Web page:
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Words from the Cross: narrative by Evalina Flory

Photo of a section of rough wood and a piece of white paper that has the shape of a cross torn out from the middle of it, wood showing through, the paper fastened by a nail, image by congerdesign, on Pixabay.

cross and nail, image by congerdesign, on Pixabay

“But he was wounded for our transgressions, he was bruised for our iniquities:

the chastisement of our peace was upon him; and with his stripes we are healed. 

All we like sheep have gone astray; we have turned every one to his own way;

and the Lord hath laid on him the iniquity of us all.” (Isaiah 53:5-6)

If I’m not mistaken, we left our friend Jesus in the garden, where He was praying for

the removal of the cup. He prayed, “Yet not my will but yours be done.” He was anxious

about what was coming, so anxious “His sweat was like drops of blood…” Still in His anxiety, He kept God at the helm, never straying off the path laid before Him.

Jesus had stated at the Last Supper that one would betray Him. Judas, yes, the disciple,

a man who had eaten with Jesus, slept in the same camp, walked with Him, was taught

by Him, called Him friend, and witnessed countless miracles by His hand. Judas betrayed Jesus with a kiss on his lips; he identified Jesus to the Roman soldiers there to arrest Him. Even after this, Jesus was still so focused on the right way that he stopped his disciples from fighting the soldiers and performed a miracle for one of them who was leading Him

to His death.

Jesus could have stopped what was coming—how many others had he saved with a word?—but He chose to walk this path, a path paved with torture, humiliation, and death. Not for Himself did He walk this path, but for you and me. Tried by the people He had come to save. He was sentenced for his love and, because they could not, they sent Him to the Roman courts to be handed a death sentence. Even then, Pilate found no fault in Jesus, but the Jewish religious leaders would not stand for that. They yelled, “Crucify Him!” Again, Pilate found no fault and reminded them they could free one on this holy day. They chose Barabbas, a murderer, instead of the innocent Jesus to be freed that day.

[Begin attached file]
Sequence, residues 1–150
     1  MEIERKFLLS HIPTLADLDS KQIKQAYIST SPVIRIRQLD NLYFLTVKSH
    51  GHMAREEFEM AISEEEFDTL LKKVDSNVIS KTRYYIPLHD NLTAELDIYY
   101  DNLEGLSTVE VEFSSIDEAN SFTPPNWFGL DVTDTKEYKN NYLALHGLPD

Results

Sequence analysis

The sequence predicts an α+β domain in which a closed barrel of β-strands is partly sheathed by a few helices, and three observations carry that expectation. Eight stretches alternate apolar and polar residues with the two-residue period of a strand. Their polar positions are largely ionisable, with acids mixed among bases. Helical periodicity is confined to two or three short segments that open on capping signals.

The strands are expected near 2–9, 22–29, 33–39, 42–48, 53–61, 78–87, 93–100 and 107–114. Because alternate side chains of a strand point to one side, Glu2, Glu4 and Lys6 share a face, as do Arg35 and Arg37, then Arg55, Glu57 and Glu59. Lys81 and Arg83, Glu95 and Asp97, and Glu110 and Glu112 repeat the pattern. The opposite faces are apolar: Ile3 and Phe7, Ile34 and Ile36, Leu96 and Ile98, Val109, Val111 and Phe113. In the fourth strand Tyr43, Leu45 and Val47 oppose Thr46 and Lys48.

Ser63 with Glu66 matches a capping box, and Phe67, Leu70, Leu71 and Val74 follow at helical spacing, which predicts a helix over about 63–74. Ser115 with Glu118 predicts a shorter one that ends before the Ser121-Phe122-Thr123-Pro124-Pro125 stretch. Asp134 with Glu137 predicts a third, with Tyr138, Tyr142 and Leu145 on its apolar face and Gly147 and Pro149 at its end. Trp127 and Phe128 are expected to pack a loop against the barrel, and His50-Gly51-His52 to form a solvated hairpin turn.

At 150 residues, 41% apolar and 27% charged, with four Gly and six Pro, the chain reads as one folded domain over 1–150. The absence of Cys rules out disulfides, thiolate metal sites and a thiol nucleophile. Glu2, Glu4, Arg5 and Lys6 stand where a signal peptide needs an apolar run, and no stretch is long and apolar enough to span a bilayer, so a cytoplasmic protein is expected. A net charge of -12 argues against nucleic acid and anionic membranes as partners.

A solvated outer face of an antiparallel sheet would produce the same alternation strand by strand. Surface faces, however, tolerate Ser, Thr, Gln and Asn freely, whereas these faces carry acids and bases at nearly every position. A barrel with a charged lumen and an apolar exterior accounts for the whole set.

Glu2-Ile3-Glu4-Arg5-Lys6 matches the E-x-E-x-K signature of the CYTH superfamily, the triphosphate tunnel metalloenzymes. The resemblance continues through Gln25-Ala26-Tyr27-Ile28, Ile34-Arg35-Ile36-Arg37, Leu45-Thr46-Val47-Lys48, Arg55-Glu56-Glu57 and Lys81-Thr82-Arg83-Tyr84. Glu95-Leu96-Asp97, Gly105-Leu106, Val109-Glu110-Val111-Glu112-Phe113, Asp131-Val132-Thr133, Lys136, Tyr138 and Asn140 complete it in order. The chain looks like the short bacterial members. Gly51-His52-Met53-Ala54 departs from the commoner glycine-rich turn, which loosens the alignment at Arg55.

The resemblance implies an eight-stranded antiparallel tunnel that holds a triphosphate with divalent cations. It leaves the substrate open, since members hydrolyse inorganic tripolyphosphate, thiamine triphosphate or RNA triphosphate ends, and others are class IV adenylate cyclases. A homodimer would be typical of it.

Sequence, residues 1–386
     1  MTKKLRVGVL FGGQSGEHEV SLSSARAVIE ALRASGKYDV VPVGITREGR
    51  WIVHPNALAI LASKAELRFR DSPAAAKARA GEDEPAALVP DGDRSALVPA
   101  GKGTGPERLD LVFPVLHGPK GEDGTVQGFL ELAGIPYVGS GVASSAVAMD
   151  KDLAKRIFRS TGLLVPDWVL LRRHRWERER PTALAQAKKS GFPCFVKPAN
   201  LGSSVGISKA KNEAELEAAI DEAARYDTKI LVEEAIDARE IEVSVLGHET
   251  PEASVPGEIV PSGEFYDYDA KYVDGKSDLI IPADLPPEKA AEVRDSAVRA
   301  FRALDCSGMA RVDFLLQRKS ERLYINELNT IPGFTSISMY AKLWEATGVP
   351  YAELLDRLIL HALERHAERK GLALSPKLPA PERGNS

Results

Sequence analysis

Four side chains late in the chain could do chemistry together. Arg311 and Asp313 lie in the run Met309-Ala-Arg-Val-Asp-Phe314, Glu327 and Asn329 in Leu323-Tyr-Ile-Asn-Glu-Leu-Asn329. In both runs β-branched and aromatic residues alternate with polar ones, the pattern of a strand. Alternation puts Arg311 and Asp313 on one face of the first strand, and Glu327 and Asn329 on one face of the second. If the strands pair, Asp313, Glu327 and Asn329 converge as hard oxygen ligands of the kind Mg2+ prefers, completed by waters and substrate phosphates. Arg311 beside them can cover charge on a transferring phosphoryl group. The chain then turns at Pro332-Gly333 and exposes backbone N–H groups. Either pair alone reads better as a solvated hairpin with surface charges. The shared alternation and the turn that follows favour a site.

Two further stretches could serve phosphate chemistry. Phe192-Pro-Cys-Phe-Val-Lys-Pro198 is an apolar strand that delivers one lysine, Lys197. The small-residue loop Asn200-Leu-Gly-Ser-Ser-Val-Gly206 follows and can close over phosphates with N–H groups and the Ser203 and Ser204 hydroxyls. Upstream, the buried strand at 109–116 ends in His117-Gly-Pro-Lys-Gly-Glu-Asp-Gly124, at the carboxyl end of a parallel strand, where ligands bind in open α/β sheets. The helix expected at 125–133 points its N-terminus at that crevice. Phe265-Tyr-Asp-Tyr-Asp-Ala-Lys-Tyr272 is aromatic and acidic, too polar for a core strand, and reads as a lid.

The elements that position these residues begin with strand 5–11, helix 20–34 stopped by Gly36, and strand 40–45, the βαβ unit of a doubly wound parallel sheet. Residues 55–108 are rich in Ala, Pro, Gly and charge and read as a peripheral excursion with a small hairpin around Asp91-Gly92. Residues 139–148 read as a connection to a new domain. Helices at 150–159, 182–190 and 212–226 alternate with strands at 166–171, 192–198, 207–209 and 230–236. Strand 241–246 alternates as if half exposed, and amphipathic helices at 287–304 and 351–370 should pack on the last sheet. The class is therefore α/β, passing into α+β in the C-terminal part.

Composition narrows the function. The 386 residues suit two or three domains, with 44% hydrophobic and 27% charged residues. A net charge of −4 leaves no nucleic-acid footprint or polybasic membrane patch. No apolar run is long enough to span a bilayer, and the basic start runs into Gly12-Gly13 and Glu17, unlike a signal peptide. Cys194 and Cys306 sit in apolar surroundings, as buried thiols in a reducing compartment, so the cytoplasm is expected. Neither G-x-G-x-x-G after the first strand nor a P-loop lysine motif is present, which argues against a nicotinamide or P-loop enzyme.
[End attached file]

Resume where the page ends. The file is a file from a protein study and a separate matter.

The soldiers had their orders: take the condemned, scourge Him, nail Him to the cross,

and let Him die. They took Jesus and proceeded to scourge Him with a Roman whip. Those whips often had multiple tails that were braided with bits of metal and bone. We don’t know how many lashes Jesus endured for us, but with each blow, skin and muscle were shredded. Remember, please, that this was a condemned man; the only requirement was that He live long enough to be placed on the cross.

After this near-death beating, the Roman soldiers placed a purple robe around Jesus' shoulders, shoved a crown of thorns onto His head, and placed a reed in His right hand

as a scepter. They surrounded this near-dead man, spat upon Him, and ridiculed the King of the Jews. After this, they ripped the robe from his bloody back, took the scepter from

His hand, and proceeded to beat Him on the head. Jesus suffered greatly that day; by

this time, he was probably dehydrated from the lack of water and the loss of blood. I can’t imagine the amount of pain our Friend was in.

His ordeal was not over yet; with unbelievable cruelty, they placed Jesus’ cross onto His back, and our Friend took his first shaky step towards Golgotha. There is debate about whether it was just the cross beam or the entire cross. Does it matter? It was heavy, and

I’m sure it was not sanded for the user’s comfort. So, the wood and splinters dug into his bruised and injured body. Is it any wonder He stumbled, and Simon of Cyrene had to carry it the rest of the way? Each step was agony; it jarred His back, His head, and His entire body as life-giving blood leaked from his numerous wounds and stained the ground.

Finally, He arrived at the hill of Golgotha, the place of the skull, a fitting name, considering how much death it had seen. They took His cross and laid it on the ground, placed Jesus on the cross, and proceeded to nail his hands to the cross beam. Can you imagine? I can’t, and honestly, I am not sure I want to; tears are rolling down my cheeks. He did this for us, for you and me. This is not the end of His torture; next, His feet were nailed to the cross. There is another debate on how His feet were nailed, but again, does it matter? They took His feet and a spike or spikes and nailed them down.